21 Quarantine Baking Recipes for Every Skill Level

21 Quarantine Baking Recipes for Every Skill Level

21 Quarantine Baking Recipes for Every Skill Level

21 Quarantine Baking Recipes for Every Skill Level

What’s more comforting than stirring together a bowl of brown, beige and white ingredients, sliding it into the oven and watching as it transforms into something golden and spectacular?

For some, baking is a regular affair, while, for others, it’s a big-deal project. With that in mind, we’ve pulled together a collection of 21 recipes, and organized them by skill level. Each group — beginning, intermediate, advanced — contains seven types of recipes: bread, cookies, bars, brownies, cake, buns or biscuits and pie. Feel free to jump between categories as ambition and taste dictate. Just be sure to read through the recipe before you begin to make sure you have everything you need.

Ready in two hours or less, these recipes don’t require an electric mixer or specialty ingredients.

Bread: Beer Bread
This super-easy savory quick bread (no yeast!) comes together in a flash, and goes great with soups and stews. Use the palest beer you have.

Cookies: Banana Everything Cookies
These one-bowl chocolate-chip cookies are here to use up the two depressed bananas on your counter. Use dairy-free chocolate chips to make these guys vegan.

Bars: Sugared Shortbread
This is the easiest, fastest one-bowl shortbread around. If you don’t have rice flour, use cornstarch or more all-purpose flour.

Brownies: Katharine Hepburn’s Brownies
With a name like that, how could they be bad? You can make these rich, densely chocolaty brownies with or without nuts.

Cake: Lemony Turmeric Tea Cake
This one-bowl cake is anything but elaborate: It only looks that way. If you have turmeric powder in your cabinet and two lemons, you’re almost there.

Buns or Biscuits: Drop Biscuits
Intimidated by all the rolling and cutting necessary in most biscuit recipes? This version is here for you. Add cracked black pepper and Parmigiano-Reggiano, finely chopped tender herbs or chocolate chips for a little complexity.

Pie: Atlantic Beach Pie
This citrus pie is so easy that it feels like cheating. The crust is made with saltine crackers (Ritz work, too), sugar and butter, and the filling is just egg yolks, condensed milk and lemon or lime juice.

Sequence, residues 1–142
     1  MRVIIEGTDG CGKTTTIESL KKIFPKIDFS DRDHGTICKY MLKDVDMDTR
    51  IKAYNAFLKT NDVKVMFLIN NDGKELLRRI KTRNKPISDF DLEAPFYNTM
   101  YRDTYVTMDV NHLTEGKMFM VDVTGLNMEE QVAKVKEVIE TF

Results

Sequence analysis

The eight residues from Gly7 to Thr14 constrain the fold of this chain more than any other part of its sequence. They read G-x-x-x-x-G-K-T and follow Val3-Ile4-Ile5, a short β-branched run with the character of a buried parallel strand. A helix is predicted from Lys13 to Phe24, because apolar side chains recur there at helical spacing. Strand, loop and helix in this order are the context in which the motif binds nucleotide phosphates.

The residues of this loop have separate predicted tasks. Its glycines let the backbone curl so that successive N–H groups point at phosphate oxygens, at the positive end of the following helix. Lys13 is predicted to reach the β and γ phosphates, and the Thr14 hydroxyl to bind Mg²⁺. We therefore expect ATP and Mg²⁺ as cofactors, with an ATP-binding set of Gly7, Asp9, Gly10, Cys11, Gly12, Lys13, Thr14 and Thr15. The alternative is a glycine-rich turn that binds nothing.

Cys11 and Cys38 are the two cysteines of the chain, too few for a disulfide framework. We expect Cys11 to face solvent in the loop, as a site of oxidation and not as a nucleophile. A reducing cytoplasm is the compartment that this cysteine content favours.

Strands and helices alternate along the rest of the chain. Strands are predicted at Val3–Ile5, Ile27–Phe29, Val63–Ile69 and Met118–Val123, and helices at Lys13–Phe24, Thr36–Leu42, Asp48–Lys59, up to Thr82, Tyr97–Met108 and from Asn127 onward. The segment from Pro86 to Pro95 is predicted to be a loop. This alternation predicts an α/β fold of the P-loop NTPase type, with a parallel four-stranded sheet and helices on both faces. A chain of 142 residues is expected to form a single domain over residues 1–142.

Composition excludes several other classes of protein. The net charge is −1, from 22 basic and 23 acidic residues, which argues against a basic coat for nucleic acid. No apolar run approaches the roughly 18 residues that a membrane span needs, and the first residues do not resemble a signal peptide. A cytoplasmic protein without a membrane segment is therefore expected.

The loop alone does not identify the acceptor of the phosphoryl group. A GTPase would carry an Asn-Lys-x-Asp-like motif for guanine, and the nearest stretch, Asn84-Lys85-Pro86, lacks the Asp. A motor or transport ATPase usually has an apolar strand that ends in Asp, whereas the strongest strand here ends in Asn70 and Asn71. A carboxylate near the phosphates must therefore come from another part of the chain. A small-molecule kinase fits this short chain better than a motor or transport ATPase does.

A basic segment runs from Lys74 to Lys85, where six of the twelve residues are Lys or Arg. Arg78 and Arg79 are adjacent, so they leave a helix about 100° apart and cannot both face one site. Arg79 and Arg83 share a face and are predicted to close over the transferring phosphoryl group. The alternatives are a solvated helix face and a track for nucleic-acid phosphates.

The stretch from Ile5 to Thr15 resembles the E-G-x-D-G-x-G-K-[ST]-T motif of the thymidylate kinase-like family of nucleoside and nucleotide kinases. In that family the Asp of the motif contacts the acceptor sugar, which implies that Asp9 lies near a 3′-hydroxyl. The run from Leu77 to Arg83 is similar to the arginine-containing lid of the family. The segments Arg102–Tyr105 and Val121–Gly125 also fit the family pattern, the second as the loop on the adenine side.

You’ll need a bit more time, some special ingredients and some more specialized equipment (an electric mixer or food processor) for most of these recipes.

Bread: No-Knead Bread
This is one of The Times’s most popular recipes and for good reason: The reward is bakery-quality bread with very little effort, at a fraction of the cost.

Cookies: Chocolate Chip Cookies
This recipe is adapted from Jacques Torres, the chef and chocolatier. For cookies with the ideal chewy-to-crisp ratio, chill the dough for 36 hours before baking. (Pro-tip: The dough freezes well. After it’s chilled, roll it into balls and freeze in an airtight container.)

Bars: Blueberry Pie Bars
These dreamy bars have four layers: shortbread, a sweet cream-cheese filling, blueberries and crumb topping. But, as special as they may be, don’t waste your fresh blueberries on them. Frozen wild blueberries are ideal.

Brownies: Supernatural Brownies
These complex, bittersweet brownies are extra fudgy and rich, thanks to real chocolate (not cocoa powder) and dark brown sugar.

Cake: Pantry Crumb Cake
This adaptable cake from Melissa Clark is especially quarantine-friendly. You can add any fruit, spice or nut that strikes your fancy.

Buns or Biscuits: Cinnamon Rolls
We love a refrigerated Pillsbury cinnamon roll in a pinch, but why not try your hand at the homemade version?

Pie: Apple Pie
No, it’s not apple season, but it’s a classic recipe, and Sam Sifton’s is spot on. Serve with vanilla ice cream, obviously.

You’ll need some kitchen experience, as well as few special tools or ingredients, for these projects. Set aside plenty of time.

Bread: Sourdough Bread
Everyone and their mother (get it?) seem to be making sourdough bread right now. Our step-by-step guide from Claire Saffitz walks you through the rewarding process.

Cookies: Macarons
You’ve bought them. Now, it’s time to make them yourself. Melissa Clark’s classic recipe is easy to follow and very customizable. (Nutella or dulce de leche make great, simple fillings.)

Bars: Lemon Bars With Olive Oil and Sea Salt
At this point in your baking journey, you may already have a tried-and-true lemon bar recipe, but these get their sophisticated edge from a drizzle of good-quality olive oil and a generous sprinkling of sea salt.

Brownies: Violet Bakery Rye Brownies
These aren’t any more difficult than any other brownie recipe, but they do require a little whole-grain rye flour, which gives them a grown-up earthiness.

Cake: Russian Honey Cake
This 12-layer cake takes plenty of time and patience, so clear your schedule (and maybe meditate?) before tackling this beauty.

Buns: Swedish Cardamom Buns
Kardemummabullar are swirled, spiced labors of love. Set aside the afternoon and get ready to impress your friends. Once you’ve conquered these, please proceed to babka.

Pie: Twice-Baked Sour Cherry Pie
If you can get your hands on some sour cherries — Sara Bonisteel, an NYT Cooking editor, orders hers from Friske Orchard in Ellsworth, Mich. — this pie, with its uncommonly crisp crust, is the best way to showcase them. One reader said it is “hands down the best cherry pie recipe.”

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